Chris Childers’ epic accomplishment

Chris Childers
Chris Childers

Ten years in the making, poet and Writing Seminars alum Chris Childers’ 956-page translation of Greek and Latin lyric verse is a ’personal odyssey’ gathering over 80 poets from across eight centuries

When the Writing Seminars faculty reviewed Chris Childers’ application for the MFA in creative writing, they shared what professor Mary Jo Salter remembers as "unanimous amazement." Occasionally, applicants already have poems in literary journals or even books under their belt, but Childers had something rare, if not totally singular: a contract with Penguin to translate a volume of Greek and Latin lyric poetry, a project requiring the translation of more than 80 poets from across eight centuries in two ancient languages.

That was 2014; now, 10 years later, Childers’ book, The Penguin Book of Greek and Latin Lyric Verse , has finally come into print (in the UK, at least; the U.S. edition will drop in 2025). To call it a collection of poetry would be to diminish it, for included in its 956 pages are a guide to Greek and Latin poetic meters, a note on the definition of lyric poetry, short biographies of every poet included, introductions to every time period covered in the book’s 800-plus year span, an afterword by classicist Glenn W. Most, and, of course, lots of poetry. In her exultant review of the book for The Telegraph , poet and translator A.E. Stallings said the volume "practically amounts to a degree in classical literature in translation."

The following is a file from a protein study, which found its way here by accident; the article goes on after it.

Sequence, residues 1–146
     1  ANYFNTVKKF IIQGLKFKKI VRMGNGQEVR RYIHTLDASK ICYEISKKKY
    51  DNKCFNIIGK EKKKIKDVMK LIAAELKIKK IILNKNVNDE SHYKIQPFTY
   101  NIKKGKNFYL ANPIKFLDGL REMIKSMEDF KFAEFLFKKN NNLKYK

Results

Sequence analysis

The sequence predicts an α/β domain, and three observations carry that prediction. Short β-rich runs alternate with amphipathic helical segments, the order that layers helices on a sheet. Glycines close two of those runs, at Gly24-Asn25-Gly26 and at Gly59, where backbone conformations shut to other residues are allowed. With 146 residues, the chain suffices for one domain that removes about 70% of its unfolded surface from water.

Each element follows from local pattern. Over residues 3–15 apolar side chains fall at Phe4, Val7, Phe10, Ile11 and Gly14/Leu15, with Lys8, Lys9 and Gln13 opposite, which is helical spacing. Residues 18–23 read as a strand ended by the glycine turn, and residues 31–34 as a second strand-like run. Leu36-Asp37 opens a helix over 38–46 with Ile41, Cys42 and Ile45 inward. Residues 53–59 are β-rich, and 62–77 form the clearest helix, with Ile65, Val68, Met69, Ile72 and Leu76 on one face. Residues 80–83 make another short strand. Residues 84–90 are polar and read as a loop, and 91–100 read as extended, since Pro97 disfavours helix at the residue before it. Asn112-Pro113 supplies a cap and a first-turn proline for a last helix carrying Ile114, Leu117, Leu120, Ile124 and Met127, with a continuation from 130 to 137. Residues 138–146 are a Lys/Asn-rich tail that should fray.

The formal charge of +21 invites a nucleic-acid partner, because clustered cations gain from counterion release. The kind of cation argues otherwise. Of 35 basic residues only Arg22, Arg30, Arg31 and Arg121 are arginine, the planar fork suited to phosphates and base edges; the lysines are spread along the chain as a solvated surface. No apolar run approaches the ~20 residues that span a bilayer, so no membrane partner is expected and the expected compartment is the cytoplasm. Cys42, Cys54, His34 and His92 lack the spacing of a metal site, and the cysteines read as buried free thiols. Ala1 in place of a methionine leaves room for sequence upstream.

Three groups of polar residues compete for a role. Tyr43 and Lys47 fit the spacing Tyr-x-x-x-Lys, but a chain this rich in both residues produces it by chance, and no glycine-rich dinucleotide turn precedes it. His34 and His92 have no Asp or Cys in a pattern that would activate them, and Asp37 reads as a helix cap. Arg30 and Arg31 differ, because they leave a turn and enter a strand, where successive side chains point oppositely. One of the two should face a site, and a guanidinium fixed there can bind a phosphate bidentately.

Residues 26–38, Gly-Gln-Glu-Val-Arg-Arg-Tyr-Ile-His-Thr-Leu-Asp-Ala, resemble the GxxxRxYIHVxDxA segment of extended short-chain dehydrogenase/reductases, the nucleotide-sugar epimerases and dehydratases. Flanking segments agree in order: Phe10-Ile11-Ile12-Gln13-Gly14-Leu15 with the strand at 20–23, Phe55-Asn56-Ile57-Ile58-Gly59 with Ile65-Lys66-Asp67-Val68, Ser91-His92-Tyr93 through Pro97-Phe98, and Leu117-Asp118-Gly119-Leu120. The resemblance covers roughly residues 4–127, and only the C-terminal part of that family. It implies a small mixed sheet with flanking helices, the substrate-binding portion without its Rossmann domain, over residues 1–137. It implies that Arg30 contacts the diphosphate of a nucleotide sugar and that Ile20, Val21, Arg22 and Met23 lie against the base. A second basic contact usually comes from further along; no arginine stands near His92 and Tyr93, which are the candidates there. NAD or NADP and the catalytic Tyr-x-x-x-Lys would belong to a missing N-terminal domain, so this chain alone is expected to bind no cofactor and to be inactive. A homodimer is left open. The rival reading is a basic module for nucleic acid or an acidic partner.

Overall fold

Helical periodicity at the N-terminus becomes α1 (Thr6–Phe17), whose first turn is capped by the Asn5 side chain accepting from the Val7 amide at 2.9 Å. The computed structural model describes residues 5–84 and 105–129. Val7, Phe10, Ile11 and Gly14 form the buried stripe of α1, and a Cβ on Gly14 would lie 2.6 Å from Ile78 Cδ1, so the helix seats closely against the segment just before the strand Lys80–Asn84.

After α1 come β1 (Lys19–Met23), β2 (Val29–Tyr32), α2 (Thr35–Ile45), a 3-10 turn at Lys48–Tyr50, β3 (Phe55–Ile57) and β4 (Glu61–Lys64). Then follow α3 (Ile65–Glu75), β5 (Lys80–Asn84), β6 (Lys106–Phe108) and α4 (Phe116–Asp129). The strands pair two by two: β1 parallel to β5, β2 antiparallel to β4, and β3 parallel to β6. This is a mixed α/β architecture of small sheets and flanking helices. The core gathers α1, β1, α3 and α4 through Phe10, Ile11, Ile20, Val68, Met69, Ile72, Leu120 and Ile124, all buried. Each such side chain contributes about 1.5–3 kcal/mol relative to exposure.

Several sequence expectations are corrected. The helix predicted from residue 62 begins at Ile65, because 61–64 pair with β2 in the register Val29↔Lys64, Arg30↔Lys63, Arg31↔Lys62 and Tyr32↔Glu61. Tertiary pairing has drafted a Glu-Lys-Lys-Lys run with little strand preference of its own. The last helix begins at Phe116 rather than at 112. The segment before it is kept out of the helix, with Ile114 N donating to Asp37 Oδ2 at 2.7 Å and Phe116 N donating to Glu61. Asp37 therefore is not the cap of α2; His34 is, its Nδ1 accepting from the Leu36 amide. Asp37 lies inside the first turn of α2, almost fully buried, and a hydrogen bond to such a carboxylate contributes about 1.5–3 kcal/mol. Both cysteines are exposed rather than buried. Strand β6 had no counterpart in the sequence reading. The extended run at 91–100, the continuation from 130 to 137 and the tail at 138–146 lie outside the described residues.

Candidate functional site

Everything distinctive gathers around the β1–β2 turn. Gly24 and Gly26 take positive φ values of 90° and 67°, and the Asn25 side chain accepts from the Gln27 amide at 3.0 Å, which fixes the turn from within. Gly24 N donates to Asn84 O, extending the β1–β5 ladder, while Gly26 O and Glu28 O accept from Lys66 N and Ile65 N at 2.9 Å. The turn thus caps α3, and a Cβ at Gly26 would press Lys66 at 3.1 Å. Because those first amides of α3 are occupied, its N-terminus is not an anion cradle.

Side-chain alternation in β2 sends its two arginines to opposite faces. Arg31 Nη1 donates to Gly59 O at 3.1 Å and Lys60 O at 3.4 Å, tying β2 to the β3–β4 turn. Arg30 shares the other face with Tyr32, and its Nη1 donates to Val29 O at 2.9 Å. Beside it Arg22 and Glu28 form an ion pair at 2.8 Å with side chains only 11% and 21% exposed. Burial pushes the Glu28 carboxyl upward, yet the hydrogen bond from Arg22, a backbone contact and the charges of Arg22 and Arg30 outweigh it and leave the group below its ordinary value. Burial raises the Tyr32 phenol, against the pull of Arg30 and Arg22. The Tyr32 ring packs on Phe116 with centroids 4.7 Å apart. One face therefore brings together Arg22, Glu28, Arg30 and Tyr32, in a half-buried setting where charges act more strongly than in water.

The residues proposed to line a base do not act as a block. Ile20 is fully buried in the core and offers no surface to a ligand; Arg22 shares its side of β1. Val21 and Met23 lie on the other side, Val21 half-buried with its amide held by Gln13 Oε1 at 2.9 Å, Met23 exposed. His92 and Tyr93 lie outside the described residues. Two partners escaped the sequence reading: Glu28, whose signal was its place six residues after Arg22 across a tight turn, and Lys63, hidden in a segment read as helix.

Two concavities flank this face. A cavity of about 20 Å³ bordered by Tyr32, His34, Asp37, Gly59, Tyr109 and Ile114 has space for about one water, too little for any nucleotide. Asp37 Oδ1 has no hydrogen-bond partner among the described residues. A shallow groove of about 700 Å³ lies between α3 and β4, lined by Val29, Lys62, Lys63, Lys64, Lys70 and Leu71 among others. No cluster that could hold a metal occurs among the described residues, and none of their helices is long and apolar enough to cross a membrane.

In the book’s preface, Childers describes those 10 years as an "epic undertaking," or "a sort of personal odyssey." If his journey was less perilous than Odysseus’, it was certainly no less arduous.

One might guess this project would require lifelong familiarity with the Latin and Greek languages, but Childers did not encounter either one until his undergraduate years at UNC Chapel Hill. He didn’t make the decision to study classics until he met English professor Robert Kirkpatrick at summer orientation.

"I started studying the classics because... [he] told me, if you really want to learn to write well, you should study Latin or Greek," Childers says. "And I was just so impressed with him. He was a towering figure, a very large man with a soft and beautiful voice, and he just seemed to know everything. And I immediately understood I could learn a lot from him. So I started Latin my first year at UNC, and then I took up Greek my second year."

He started translating in a creative writing class during his sophomore year, where he recalls "making a botch" of Virgil’s fourth eclogue. But everyone has to start somewhere, and that same eclogue appears in his book: "Sicilian Muses," it begins, "let’s make a grander poem."

So he did, by the hundreds. After graduation, Childers was teaching at a boarding school when he contacted an editor at Penguin in hopes of translating either the Aeneid or Pindar. The editor turned down both proposals and offered up his own: Why not tackle the entirety of Greek and Latin lyric verse?